The answer to this question is of paramount importance for understanding the parable. If we read carefully verses 17-19, we note that the concern of the younger son is not the pain caused to the father, but hunger. The case would be different if he “fell in himself” and say: “Look where I am! I was a degenerate son. I ruined my life, but before I die I want to apologize to my father, I want to embrace him. Then I will leave again, without accepting even a cup of coffee, because I do not deserve it.” If he speaks in this way, then yes it would give signs of repentance. Instead he makes no mention of the pain caused to his father. His only concern is to find a piece of bread. The nice little speech he prepares and intends to recite upon arrival at home has one purpose: to move the father and convince him to feed him.
The conclusion that imposes itself then cannot be but this: there is no evidence that militates in favor of his repentance.
He leaves anyway and implements, in every detail, the project outlined in his soliloquy (v. 20). Now the father returns to the scene. He does not say a word. His reaction to the returning son is described with five verbs which alone are sufficient to consider this verse as one of the most beautiful of the whole Bible.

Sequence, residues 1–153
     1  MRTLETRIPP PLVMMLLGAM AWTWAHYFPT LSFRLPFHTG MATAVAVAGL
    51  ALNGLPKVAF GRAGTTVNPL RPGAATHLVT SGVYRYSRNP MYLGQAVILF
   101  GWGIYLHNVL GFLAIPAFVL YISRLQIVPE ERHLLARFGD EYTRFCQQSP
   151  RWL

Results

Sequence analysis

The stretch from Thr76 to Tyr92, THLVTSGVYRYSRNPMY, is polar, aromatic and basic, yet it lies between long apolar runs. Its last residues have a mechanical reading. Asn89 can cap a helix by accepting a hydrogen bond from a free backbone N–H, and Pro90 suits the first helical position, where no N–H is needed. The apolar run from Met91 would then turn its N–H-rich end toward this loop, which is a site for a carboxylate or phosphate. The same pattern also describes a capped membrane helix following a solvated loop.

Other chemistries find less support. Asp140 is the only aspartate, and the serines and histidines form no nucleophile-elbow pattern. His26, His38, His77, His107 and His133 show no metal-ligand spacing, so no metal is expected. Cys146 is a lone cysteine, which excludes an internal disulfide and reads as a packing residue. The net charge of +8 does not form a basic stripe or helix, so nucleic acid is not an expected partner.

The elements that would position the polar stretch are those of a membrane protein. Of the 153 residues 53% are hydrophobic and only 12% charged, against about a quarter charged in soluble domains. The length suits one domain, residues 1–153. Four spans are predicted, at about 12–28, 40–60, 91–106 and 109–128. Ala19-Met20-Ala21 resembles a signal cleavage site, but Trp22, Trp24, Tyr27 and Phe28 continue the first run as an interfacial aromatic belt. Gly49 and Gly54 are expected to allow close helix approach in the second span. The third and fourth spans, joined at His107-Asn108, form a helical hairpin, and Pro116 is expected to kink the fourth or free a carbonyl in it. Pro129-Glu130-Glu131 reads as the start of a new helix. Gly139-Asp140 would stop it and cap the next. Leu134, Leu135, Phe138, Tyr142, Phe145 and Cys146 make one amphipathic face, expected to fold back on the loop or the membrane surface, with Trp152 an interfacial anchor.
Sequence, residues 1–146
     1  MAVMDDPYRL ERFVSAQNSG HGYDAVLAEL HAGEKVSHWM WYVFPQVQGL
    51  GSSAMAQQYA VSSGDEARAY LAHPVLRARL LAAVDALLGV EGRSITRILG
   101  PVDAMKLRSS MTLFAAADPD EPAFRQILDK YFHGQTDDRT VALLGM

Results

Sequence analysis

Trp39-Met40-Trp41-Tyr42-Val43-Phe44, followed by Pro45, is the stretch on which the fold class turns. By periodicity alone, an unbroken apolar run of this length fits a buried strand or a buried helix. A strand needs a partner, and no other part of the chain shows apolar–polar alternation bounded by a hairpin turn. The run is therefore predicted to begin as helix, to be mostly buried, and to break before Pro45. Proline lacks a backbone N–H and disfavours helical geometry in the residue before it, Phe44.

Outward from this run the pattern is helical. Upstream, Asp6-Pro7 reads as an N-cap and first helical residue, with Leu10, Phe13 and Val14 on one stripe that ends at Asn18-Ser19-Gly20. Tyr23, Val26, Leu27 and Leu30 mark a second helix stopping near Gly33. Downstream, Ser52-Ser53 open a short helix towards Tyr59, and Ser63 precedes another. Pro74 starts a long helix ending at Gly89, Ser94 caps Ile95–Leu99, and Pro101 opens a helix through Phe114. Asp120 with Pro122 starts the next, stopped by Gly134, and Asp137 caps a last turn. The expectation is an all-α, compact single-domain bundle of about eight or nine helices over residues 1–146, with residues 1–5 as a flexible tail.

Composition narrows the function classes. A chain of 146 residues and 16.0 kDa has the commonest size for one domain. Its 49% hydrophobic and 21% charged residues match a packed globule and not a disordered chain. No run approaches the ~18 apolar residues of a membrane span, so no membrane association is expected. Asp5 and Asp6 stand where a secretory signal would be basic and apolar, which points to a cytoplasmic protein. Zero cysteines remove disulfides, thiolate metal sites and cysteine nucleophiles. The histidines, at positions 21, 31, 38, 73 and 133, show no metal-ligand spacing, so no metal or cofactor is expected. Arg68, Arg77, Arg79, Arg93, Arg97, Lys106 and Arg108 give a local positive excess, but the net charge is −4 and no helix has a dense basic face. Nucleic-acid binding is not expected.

– He saw him a long way off. He sees him first because he has always been waiting for him.
– He was deeply moved with compassion. The Greek verb splagknizomai indicates a very intense and so profound emotion as to be perceived physically in the “bowels.” It is the feeling that a mother experiences towards the child she is carrying. One cannot imagine a more intimate and stronger emotion. In the New Testament this verb appears only in the Gospels (twelve times) and is always referred to God or Jesus, as if to say that only God is able to feel this form of love.
– He ran out. An instinctive but careless gesture for an old man. It is also undignified for a person of his rank. The emotion has clearly caused the father to lose control of his reactions. He acts just by listening to the heart.
– He threw his arms around his neck. Literally he fell on the neck which is much more than to embrace. We find this expression only one more time in the New Testament. It is used to express the feelings of the Ephesian elders when they greet Paul, knowing that they would no longer see his face: “They all began to weep and threw their arms around him and kissed him” (Acts 20:37).
– He did not stop to kiss him. It is not the traditional kiss of greeting given to the host, but is a sign of welcome; it is the expression of joy and forgiveness. The father does not allow his son to kneel.